Sabre, the leading global technology solutions provider for the airline and tourism sectors, saw a 10.4% (YOY) growth in bookings in Asia Pacific in Q3 2017. Executive vice president of Sabre and president of Sabre Travel Network Wade Jones tells Lee Xin Hui how they take a ‘services-first’ approach to better meet their clients’ needs through technology.
What are some recent trends you see among Asia Pacific travellers?
People now desire to create unique experiences rather than just an itinerary, which provides an opportunity for agents to bring their expertise to the table. As travellers’ expectations are informed, not just by travel, but by all their customer experiences – the likes of Uber, Amazon or Google – the travel marketplace has to do a better job in meeting their needs so that it is consistent with expectations set by those other businesses. It is also key to note that the lines are blurring between business and leisure travellers. By leveraging on the power of artificial intelligence and data analytics, businesses can better understand their customers on a personal level and offer the right experiences to generate loyalty.
How large a role do you see technology playing in impacting travel in the year ahead?
There’s an enormous opportunity for technology to sit at the heart of travel to meet consumers’ needs and it’s important for a business like ours to understand this. As hoteliers and airlines continue to add more amenities and further segment their products, this creates more complexity in the marketplace and someone needs to manage that.
So what is Sabre doing to manage this complexity?
In a network business like ours, we’re two sides of a marketplace that serves travel providers (airlines, hoteliers and cruise lines) and distribution partners and travel buyers. To meet their evolving needs, we take a services-first approach in our technology to develop platforms with micro services that can be unbundled and recombined. We’re one of the leading companies that support airlines and hoteliers specifically in their efforts to acquire and manage customers.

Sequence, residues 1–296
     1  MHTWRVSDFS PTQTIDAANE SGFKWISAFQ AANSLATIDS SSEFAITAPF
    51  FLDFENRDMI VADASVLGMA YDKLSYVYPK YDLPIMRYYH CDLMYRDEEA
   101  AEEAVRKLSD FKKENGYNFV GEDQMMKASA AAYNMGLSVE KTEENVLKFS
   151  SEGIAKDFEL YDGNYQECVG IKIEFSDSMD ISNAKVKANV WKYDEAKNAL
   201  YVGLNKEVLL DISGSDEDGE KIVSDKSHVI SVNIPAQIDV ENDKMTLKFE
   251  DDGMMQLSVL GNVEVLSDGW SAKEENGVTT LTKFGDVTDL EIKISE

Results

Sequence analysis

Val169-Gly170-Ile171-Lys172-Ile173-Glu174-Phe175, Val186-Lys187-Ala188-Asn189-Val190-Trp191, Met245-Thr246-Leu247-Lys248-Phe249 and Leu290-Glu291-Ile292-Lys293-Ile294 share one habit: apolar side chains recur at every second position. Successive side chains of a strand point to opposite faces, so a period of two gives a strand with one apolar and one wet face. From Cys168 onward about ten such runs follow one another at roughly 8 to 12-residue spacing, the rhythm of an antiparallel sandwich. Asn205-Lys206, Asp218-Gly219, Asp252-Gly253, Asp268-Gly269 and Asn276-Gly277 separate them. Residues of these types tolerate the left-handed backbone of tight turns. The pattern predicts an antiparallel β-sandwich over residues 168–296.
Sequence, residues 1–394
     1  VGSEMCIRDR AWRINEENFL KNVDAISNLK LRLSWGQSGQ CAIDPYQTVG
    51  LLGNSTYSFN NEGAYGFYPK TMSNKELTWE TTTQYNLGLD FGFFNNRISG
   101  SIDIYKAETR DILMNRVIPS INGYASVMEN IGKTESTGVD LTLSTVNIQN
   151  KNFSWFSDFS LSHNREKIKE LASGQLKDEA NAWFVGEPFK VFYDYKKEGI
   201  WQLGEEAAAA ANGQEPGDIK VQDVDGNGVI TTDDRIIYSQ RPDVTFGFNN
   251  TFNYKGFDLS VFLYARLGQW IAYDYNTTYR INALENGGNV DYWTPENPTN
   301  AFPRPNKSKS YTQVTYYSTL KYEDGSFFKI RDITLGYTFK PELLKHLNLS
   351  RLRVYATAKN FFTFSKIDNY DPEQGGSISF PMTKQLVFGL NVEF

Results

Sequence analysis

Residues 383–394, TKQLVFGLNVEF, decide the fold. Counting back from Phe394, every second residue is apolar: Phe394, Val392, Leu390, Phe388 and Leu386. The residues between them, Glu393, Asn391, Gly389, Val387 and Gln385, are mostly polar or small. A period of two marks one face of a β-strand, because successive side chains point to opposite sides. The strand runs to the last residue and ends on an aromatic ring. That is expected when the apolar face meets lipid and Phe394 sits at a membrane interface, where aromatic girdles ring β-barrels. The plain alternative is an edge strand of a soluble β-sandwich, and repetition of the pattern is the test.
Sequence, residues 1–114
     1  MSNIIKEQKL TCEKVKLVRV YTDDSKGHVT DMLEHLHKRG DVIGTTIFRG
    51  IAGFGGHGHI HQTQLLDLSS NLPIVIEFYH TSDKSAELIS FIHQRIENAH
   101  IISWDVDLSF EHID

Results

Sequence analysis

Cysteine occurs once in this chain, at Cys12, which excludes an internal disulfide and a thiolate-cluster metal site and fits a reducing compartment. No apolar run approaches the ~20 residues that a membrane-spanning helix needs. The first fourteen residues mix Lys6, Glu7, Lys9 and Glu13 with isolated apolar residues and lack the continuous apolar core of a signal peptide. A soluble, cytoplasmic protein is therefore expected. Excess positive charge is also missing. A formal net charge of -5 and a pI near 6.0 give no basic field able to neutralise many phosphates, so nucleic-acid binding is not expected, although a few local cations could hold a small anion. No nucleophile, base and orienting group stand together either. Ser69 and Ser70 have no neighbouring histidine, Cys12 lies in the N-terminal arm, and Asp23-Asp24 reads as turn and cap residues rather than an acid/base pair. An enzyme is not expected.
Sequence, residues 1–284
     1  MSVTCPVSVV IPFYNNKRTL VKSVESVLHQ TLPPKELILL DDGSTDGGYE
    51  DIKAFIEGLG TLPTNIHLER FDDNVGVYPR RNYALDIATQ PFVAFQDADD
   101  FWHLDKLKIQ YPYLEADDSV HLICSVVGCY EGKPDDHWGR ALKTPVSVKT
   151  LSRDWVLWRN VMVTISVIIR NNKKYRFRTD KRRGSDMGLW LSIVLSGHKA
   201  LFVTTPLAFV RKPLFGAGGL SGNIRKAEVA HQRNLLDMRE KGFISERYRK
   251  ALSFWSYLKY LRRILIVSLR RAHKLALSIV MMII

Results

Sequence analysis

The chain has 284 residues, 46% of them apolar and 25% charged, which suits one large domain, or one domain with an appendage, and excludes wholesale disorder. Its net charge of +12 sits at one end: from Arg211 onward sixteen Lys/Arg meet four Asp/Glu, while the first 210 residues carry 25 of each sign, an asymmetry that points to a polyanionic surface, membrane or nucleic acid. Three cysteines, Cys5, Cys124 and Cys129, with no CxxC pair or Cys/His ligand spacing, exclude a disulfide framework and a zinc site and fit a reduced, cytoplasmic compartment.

Are there any new technologies that truly excite you with their potential?
Conversational interfaces – artificial intelligence and chat bots – as the use of these technology can help reduce operational costs for businesses, while unlocking the opportunity for human interactions to be more engaging in the sense that the amount of time a travel agent spends on task-driven transactional activities can now be redirected to actually working with the traveller to develop their trip experiences.
Tell me more about your new agency point-of-sale platform Sabre Red Workspace and how it makes the work of travel consultants easier.
This product does a much better job of enabling travel providers to merchandise their services/products in a manner that’s more consistent with what they would see on their own website. It’s also really easy to use because there are two user interfaces – one native command-driven familiar to long-tenured agents and another that’s consumer-grade and graphical – which the agent can toggle between at any point in their workflow with a single touch of the button. We’re the only solution on the market that offers this.
For agencies trying to recruit new talent, it helps reduce training time. And while agencies are often concerned with a loss of productivity during the conversion, say from a competitor to our product, we’re seeing many of them overperforming in just two weeks.
Right now in Asia Pacific, the solution has gone live with customers in India and Australia; we’re currently piloting it with some agents in Singapore. Within the year, we’ll have a full timeline on the rollout.
What else is Sabre working on?
We’ve done a number of product developments, initiatives and tests around conversational interfaces and chat bots. We’re also in the process of service enabling our traveller experience app called Tripcase.
How would you rate Sabre’s performance in Asia Pacific so far?
We’re been very happy with our growth in the region. In 2015 we acquired Abacus International by buying the remaining 65% of Abacus which we didn’t own previously. Since then, our expectation is that it would allow us to drive more focus and performance in the region. That has certainly proven to be true. We’ve been very successful in Australia; we’ve been expanding footprint in India (a market we think there’s enormous potential for us going forward) and we are going to make sure we continue to expand our business in Asia Pacific going forward in 2018 and beyond.